Comfa Religion and Creole Language in a Caribbean Community
Through a distinctive blend of description and analysis Kean Gibson examines the Guyanese religion known as "Comfa." Reflecting the socio-cultural history of Guyana, Comfa shows influences of European and Asian cultures and religions in an essentially African framework. Gibson compares the variation exemplified in Comfa with the Guyanese Creole language and challenges the continuum theory of Creole linguistics, which predicts that the Creole language will evolve to become English. Gibson also explores the implications of both forms of social behavior for the notion of identity in a multicultural community.
- Hardback | 244 pages
- 156.5 x 236 x 18mm | 512.58g
- 01 Jun 2001
- State University of New York Press
- Albany, NY, United States
- Total Illustrations: 0
"A lucidly written and enjoyable introduction to the religion and culture of the Guyanese. The wide range of theoretical and ethnographic perspectives presented on the significance of Comfa religious tradition make it an invaluable reference." -- Jacob Olupona, editor of African Spirituality: Forms, Meanings and Expressions "This is an important contribution to the ethnography of religions of the African diaspora." -- Joseph M. Murphy, author of Working the Spirit: Ceremonies of the African Diaspora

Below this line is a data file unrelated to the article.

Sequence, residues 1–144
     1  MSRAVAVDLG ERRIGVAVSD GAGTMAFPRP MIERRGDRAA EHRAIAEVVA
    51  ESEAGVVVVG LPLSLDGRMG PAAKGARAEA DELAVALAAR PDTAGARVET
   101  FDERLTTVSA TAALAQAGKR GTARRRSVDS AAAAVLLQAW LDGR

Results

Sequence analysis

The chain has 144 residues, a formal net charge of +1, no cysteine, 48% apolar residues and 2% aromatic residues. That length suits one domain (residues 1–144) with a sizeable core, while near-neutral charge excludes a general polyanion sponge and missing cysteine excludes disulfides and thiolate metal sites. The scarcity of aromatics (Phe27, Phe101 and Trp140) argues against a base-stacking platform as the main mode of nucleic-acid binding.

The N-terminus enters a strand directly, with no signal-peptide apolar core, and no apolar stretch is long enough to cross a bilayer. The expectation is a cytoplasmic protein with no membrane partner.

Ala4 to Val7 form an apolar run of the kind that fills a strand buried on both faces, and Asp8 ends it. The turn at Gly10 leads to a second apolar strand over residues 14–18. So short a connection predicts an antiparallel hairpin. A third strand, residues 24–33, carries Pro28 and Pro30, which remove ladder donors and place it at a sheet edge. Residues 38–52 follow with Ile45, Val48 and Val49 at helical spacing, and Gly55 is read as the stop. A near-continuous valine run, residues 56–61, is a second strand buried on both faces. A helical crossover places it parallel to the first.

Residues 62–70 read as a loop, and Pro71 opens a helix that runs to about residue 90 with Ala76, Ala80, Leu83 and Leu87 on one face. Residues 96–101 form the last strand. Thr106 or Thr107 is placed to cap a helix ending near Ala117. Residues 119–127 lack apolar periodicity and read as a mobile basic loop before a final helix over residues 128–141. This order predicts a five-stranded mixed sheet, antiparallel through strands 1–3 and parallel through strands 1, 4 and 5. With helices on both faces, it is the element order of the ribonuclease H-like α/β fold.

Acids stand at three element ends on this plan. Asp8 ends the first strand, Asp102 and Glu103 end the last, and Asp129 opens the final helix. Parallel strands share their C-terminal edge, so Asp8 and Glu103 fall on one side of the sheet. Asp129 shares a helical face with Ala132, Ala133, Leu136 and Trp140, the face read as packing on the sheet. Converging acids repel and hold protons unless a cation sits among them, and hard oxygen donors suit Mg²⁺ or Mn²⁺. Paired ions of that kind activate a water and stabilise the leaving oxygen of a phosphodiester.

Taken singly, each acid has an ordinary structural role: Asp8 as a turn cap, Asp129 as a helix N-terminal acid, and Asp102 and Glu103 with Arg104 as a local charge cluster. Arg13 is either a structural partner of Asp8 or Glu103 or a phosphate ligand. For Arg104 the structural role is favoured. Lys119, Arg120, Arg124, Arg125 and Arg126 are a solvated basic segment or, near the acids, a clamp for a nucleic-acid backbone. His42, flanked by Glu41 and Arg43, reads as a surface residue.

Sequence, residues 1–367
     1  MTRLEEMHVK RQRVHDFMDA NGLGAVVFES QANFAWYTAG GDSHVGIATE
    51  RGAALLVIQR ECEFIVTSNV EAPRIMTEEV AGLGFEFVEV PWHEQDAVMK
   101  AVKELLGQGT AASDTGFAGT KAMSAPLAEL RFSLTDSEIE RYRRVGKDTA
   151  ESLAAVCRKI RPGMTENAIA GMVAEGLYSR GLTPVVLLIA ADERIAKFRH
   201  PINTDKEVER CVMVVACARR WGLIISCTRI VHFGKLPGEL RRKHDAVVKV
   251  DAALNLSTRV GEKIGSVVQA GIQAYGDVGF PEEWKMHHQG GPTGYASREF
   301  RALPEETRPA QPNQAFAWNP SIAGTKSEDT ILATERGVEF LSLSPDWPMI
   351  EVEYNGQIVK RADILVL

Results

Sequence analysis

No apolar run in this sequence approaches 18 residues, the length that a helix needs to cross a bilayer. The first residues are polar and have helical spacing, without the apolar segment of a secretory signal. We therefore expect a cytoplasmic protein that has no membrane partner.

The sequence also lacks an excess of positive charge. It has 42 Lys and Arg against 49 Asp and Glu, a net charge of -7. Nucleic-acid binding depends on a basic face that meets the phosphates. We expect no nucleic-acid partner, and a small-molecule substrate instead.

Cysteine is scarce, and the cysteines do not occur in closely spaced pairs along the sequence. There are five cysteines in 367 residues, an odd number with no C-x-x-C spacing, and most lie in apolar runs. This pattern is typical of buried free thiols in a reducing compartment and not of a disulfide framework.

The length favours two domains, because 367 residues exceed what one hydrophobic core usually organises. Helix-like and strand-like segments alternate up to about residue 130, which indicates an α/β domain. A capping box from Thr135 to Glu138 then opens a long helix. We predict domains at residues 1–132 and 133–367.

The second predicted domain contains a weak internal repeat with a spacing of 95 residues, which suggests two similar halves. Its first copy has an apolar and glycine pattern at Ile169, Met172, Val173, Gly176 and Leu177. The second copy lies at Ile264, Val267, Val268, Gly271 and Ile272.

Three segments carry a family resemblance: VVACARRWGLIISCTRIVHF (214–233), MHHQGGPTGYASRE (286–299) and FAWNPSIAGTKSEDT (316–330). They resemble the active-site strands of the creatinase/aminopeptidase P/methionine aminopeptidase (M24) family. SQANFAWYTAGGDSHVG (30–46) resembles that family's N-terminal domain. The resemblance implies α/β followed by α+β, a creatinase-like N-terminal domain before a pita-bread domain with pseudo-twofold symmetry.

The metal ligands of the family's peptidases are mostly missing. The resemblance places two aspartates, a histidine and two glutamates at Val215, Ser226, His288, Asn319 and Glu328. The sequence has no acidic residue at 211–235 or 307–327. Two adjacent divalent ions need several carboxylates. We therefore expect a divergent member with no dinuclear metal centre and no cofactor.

About Kean Gibson
Kean Gibson is Senior Lecturer in the Department of Language, Linguistics and Literature at the University of the West Indies, Barbados.